Returning to Work After Having a Baby

Getting Real with Shadra Bruce

Returning to work after having a baby is tough, whether you’re looking forward to going back or not. New York’s pretty awesome maternity leave law just went into effect this month, making it a little easier to face since you no longer have to file bankruptcy to have 8 weeks at home with baby.

“Starting January 1, 2018, New York State’s Paid Family Leave provides New Yorkers with job-protected, paid leave to bond with a new child, care for a loved one with a serious health condition or to help relieve family pressures when someone is called to active military service abroad.”

It provides:

  • paid time off for 8 weeks in 2018, increasing to 12 weeks by 2021;
  • job protection upon return from Paid Family Leave; and
  • continuation of health insurance while out on Paid Family Leave

New York is one of very few states who offer any kind of protection for new moms, and we celebrate this progress. Whether you get 8 weeks paid leave or not, many women choose to or have to return to work after their child is born, and they need someone competent to care for their child. Unless you have a stay-at-home dad to solve your problems, there are several childcare options for working mothers to consider to take care of their newborns when they are returning to work.

Hiring a Nanny or a Babysitter

One option available for working moms to take advantage of is getting the services of a babysitter or a nanny. Having the budget for an in-home nanny who can handle feeding, bathing, diapering, and carry out other activities throughout the day is not affordable for most families, but for some families, a nanny is a better option than a daycare. If a nanny service is out of your budget range, you can sometimes find the next best thing in a college student or young adult who will care for the child in exchange for free room and board. Do your homework before hiring someone; go through an agency if you can, and definitely do a background check. We recommend Care.com to find qualified care providers.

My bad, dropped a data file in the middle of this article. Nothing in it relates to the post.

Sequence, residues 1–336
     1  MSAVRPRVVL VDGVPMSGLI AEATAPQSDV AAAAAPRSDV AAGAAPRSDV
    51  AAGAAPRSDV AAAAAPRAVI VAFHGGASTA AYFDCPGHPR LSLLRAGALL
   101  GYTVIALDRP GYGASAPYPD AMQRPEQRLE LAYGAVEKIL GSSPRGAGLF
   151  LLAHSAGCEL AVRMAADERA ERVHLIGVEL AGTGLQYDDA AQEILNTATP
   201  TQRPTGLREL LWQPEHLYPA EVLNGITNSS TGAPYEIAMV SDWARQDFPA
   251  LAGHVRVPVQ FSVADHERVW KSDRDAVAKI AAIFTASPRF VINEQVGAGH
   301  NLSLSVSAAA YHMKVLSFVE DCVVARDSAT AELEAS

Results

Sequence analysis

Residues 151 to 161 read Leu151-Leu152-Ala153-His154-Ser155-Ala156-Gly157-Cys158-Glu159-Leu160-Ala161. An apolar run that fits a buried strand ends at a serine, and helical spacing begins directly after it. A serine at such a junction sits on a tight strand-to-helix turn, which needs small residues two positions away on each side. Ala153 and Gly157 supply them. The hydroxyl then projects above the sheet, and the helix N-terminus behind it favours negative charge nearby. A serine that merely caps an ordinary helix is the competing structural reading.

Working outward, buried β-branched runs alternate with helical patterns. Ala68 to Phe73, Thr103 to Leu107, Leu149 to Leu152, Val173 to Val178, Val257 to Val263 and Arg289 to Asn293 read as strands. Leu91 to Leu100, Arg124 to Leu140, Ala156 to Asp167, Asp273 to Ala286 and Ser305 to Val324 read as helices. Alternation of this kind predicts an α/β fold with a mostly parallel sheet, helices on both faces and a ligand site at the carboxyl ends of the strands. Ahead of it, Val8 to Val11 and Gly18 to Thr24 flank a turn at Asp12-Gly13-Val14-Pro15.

Daycare

If you choose to put your infant in a daycare, I recommend choosing one close to your work  – or midway between your office and dad’s depending on who will be taking and picking up. Visit multiple daycares to determine the best one for you – and drop in on them, don’t call ahead. The best way to see how a daycare really functions is to see them in action when they’re not expecting you. If there is a daycare near your work, it may allow you to visit and nurse on your lunch break. Check references and make sure there are no complaints with the Better Business Bureau or your attorney general’s office. Talk to other parents, friends, and family to determine the credibility of a specific daycare.